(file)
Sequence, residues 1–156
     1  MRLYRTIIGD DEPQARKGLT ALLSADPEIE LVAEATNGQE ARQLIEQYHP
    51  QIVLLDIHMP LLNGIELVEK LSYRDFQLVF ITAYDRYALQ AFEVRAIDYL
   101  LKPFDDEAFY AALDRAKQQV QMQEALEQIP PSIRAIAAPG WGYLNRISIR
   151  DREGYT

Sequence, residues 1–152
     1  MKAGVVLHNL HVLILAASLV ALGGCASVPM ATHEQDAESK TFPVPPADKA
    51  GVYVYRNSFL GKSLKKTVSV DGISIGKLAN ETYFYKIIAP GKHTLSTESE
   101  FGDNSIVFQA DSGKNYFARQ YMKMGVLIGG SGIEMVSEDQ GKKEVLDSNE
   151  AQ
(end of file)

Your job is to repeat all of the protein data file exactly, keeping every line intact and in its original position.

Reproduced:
Sequence, residues 1–156
     1  MRLYRTIIGD DEPQARKGLT ALLSADPEIE LVAEATNGQE ARQLIEQYHP
    51  QIVLLDIHMP LLNGIELVEK LSYRDFQLVF ITAYDRYALQ AFEVRAIDYL
   101  LKPFDDEAFY AALDRAKQQV QMQEALEQIP PSIRAIAAPG WGYLNRISIR
   151  DREGYT

Sequence, residues 1–152
     1  MKAGVVLHNL HVLILAASLV ALGGCASVPM ATHEQDAESK TFPVPPADKA
    51  GVYVYRNSFL GKSLKKTVSV DGISIGKLAN ETYFYKIIAP GKHTLSTESE
   101  FGDNSIVFQA DSGKNYFARQ YMKMGVLIGG SGIEMVSEDQ GKKEVLDSNE
   151  AQ